parking is provided for those who travel by automobile. 

Regional Parks are large recreation areas serving all the people in the Urban Area 
and county. These parks provide major recreation facilities not duplicated in com- 
munity parks such as sports center, golf courses, bridle paths, and lakes or streams 
for fishing and boating in addition to other facilities found in community porks such 
as athletic fields, game courts, family picnic facilities, playground equipment for 
young children, nature trails and a recreation building for organized social and re- 
creational activities. Regional porks may also serve as large open space areas which 
provide for a relief in urban development. 

Open Spaces ore parcels of land within the urban setting which hove been re- 
served in their natural state as much as practicable. Open spaces may be of any 
shape and size ranging from a vast green belt system surrounding the community, 
to open spaces and pork areas located informally in the Urban Area, between 
diverse land use types, with on attempt to utilize streams and creeks or other natural 
features. These areas are intended to provide open space, pedestrian ways, bicycle 
paths, buffers, relief from built up areas, and to preserve scenic areas along streams, 
near lakes, along highways, or other areas in the community. 

Open spaces may be preserved and developed in any location, but for 
economic reasons, usually the areas not ideally suited for other development are 
utilized. Open space areas help shape the urban environment, provide locations 
for passive and/or active recreation, or serve conservation purposes. 

Special - Use Facilities ore recreation areas designed to serve one primary func- 
tion such as a football stadium or swimming pool. These facilities ore normally 
located on sites which only provide enough space for the single use. Special - Use 
facilities are usually available to all residents in the community and they represent 
bonuses to what is normally considered the total recreation program. 

Semi - Public Facilities are available to urban area residents on a membership 
basis. In many coses memberships in these semi - public facilities are open only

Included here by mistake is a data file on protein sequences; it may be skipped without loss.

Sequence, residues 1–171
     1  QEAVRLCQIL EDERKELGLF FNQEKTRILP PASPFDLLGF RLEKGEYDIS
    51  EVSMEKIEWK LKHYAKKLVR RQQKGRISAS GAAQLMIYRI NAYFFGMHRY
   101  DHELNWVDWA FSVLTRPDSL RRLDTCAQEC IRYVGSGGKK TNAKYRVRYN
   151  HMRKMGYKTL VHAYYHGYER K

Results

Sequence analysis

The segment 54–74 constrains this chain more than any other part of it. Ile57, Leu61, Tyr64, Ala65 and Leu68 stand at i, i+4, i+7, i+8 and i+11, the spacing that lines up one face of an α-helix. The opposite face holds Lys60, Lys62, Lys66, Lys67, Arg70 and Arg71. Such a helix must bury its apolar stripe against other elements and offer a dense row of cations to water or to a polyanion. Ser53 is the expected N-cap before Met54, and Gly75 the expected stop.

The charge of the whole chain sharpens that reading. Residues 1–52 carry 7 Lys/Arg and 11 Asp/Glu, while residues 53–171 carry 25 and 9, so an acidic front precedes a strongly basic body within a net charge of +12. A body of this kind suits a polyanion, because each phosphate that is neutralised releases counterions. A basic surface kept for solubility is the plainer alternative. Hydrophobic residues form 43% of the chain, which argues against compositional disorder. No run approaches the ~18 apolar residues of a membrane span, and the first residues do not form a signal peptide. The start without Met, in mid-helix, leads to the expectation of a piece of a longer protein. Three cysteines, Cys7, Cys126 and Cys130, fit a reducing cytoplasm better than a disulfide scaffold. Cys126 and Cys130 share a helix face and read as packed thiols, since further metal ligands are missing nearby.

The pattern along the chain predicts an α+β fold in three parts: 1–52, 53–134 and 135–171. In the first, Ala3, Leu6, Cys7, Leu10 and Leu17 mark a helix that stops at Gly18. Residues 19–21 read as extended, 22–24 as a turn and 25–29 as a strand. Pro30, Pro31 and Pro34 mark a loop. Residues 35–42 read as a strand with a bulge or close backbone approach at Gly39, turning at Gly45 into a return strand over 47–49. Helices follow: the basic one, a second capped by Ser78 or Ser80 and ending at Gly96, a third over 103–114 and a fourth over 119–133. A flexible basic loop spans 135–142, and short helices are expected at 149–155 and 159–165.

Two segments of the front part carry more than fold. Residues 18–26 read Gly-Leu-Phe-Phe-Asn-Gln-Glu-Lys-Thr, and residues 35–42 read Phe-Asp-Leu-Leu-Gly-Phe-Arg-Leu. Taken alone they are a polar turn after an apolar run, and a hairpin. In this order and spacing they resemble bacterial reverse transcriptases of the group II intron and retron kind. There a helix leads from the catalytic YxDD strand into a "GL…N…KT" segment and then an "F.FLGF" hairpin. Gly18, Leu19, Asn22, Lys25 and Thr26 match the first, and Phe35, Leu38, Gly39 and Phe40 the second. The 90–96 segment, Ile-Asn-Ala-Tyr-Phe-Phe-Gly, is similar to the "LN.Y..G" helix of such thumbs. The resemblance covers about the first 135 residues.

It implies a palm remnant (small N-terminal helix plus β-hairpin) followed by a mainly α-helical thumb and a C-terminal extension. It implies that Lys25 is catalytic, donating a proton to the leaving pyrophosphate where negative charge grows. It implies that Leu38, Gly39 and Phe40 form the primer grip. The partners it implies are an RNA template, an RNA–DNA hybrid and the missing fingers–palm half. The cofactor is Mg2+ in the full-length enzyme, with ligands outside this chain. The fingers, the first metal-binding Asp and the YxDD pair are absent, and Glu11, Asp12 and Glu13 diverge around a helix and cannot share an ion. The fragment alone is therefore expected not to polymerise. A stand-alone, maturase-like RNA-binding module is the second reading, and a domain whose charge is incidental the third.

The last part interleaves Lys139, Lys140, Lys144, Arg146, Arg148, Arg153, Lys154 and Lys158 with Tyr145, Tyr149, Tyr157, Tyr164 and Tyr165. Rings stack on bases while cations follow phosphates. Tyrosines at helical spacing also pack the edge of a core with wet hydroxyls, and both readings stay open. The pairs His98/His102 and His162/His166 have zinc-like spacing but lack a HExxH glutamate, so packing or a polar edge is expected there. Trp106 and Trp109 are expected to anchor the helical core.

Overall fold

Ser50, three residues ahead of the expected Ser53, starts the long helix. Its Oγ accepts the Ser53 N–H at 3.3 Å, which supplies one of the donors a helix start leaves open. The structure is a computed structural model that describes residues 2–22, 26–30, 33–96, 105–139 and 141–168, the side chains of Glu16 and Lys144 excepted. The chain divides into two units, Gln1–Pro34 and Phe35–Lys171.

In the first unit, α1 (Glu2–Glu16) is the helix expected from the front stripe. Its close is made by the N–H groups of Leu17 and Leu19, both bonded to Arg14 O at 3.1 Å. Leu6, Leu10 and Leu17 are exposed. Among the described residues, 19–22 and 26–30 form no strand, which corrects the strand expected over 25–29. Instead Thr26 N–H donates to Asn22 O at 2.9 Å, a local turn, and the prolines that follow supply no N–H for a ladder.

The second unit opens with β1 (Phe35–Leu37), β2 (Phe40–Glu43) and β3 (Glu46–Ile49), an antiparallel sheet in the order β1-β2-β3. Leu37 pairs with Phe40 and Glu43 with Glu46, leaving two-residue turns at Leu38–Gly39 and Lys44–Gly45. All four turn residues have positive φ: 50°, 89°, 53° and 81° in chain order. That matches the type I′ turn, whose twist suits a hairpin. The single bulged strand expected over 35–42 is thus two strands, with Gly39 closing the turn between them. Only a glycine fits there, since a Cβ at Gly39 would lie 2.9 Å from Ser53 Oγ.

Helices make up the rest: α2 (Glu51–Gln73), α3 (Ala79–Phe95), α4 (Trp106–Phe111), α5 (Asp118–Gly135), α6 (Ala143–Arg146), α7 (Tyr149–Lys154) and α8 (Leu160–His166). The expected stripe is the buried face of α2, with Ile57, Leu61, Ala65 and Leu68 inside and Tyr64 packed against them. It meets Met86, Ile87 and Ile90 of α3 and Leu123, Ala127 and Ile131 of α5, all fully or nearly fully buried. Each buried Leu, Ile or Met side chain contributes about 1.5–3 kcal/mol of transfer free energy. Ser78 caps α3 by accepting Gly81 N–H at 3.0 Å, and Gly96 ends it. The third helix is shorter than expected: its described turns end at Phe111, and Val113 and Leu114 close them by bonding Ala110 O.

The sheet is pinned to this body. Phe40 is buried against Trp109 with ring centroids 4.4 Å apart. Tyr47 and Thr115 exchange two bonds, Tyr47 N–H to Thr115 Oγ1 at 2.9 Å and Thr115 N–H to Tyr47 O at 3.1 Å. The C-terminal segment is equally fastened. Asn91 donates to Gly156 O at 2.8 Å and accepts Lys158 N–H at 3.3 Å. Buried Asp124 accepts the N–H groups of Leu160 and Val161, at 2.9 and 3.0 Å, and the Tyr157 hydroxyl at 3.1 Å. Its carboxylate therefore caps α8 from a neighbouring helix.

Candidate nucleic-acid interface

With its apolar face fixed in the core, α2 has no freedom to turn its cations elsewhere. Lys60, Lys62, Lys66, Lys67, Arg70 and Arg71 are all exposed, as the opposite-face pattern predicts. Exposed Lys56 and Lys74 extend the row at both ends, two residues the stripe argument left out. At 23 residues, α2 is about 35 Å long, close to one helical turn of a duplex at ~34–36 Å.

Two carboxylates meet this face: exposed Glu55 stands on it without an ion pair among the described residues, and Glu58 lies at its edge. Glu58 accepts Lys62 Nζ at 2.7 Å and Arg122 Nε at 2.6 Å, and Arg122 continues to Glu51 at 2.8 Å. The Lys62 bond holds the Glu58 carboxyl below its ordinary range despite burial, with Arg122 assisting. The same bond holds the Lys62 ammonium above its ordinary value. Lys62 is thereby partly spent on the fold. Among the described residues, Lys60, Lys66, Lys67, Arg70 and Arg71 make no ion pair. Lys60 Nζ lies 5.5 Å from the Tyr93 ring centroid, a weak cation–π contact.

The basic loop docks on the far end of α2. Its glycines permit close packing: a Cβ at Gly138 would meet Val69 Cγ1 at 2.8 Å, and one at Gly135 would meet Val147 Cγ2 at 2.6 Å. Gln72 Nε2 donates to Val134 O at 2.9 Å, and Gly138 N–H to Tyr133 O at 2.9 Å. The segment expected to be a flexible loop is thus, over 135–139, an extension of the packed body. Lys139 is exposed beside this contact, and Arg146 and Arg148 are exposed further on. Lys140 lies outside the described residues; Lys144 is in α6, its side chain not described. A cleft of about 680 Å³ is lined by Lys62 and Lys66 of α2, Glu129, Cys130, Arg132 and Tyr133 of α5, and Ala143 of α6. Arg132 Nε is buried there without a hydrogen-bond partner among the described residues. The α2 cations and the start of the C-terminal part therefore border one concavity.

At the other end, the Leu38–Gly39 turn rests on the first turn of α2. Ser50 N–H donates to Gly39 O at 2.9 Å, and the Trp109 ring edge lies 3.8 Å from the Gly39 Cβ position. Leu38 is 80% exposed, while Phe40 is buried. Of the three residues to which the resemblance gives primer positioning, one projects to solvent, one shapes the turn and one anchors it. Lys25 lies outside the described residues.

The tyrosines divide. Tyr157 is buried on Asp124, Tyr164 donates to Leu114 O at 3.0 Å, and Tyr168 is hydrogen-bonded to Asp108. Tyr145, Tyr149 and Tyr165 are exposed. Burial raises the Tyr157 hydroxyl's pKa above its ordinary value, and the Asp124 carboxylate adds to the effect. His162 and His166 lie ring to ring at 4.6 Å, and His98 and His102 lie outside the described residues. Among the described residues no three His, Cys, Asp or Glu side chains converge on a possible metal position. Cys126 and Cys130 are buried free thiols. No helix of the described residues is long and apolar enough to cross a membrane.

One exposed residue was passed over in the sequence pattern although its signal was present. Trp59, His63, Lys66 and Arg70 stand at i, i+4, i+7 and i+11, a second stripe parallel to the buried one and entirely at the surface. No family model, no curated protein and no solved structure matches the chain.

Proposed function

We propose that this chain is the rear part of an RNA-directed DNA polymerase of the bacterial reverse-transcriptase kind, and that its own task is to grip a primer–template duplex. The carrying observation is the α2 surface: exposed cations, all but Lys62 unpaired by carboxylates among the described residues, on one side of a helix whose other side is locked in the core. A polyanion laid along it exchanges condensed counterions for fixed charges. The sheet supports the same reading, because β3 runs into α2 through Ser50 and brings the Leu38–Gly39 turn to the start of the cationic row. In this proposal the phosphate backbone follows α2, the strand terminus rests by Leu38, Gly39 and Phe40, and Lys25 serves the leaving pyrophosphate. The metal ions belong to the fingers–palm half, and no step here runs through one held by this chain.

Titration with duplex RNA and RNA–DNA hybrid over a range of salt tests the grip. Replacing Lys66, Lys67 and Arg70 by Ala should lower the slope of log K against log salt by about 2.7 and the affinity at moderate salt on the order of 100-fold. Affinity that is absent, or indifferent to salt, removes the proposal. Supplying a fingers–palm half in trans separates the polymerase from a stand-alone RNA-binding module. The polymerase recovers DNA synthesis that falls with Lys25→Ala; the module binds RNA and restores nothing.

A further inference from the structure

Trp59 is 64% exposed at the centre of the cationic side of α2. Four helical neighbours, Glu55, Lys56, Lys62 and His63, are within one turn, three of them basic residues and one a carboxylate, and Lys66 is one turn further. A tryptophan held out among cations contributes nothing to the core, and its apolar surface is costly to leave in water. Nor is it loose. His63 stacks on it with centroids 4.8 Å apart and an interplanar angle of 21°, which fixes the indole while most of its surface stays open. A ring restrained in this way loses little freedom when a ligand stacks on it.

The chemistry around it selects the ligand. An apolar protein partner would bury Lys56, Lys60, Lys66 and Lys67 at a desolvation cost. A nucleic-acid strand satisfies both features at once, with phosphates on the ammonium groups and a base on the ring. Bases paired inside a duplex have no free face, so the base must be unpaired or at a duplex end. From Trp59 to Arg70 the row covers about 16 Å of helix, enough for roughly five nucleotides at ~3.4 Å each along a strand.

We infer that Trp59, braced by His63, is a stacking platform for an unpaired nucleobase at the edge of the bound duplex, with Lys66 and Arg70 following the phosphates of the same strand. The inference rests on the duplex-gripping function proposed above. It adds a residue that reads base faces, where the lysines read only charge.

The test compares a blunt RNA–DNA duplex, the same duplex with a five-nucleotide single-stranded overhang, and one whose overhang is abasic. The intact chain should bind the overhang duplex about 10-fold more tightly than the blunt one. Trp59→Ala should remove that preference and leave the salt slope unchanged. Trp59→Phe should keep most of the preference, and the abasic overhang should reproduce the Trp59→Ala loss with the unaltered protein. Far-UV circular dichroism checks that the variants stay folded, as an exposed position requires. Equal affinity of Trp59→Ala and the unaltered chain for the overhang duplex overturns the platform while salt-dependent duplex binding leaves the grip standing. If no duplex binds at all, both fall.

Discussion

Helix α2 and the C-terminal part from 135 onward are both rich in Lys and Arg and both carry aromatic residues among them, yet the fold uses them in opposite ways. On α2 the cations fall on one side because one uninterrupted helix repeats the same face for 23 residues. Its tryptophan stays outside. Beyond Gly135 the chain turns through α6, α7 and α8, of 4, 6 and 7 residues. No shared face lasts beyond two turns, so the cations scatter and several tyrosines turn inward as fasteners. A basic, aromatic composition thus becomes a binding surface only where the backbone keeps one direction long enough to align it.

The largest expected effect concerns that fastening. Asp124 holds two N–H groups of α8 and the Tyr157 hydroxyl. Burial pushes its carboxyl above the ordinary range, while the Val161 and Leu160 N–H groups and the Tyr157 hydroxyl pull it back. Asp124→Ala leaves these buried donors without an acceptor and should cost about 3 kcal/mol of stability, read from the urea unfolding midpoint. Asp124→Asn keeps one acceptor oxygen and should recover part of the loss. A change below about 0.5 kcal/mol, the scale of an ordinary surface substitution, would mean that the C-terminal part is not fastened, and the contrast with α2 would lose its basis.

to residents of specific subdivisions or districts within the Urban Area. In other 
instances memberships ore open to any residents of the Urban Area with a limit on 
the total number of available memberships. Although the semi - public facilities 
are not part of the public recreation program, they must be token into account 
when considering total recreation needs in certain planning units. 






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PRINCIPLES AND STANDARDS 



Planning for parks and recreation facilities should proceed from agreement on 
policies or rules that reflect the best thinking of the community as to the purposes, 
scope, and general character of the public recreation system. Such policies or rules 
are commonly called principles. Stated clearly as a basis for planning, they largely 
embody the accepted philosophy of recreation. They assure the citizens that decisions 
concerning particular facilities will be consistent with the broad concepts which ex- 
perience has shown should guide the development of the entire public recreation system. 
By adopting a carefully considered set of principles, the public recreation department 
shows that it values the best in recreation planning and wishes to proceed with delib- 
eration and wisdom in creating a system of areas and facilities that will best serve all 
the people. It commits itself to a considered course of action and gains public confi- 
dence by so doing.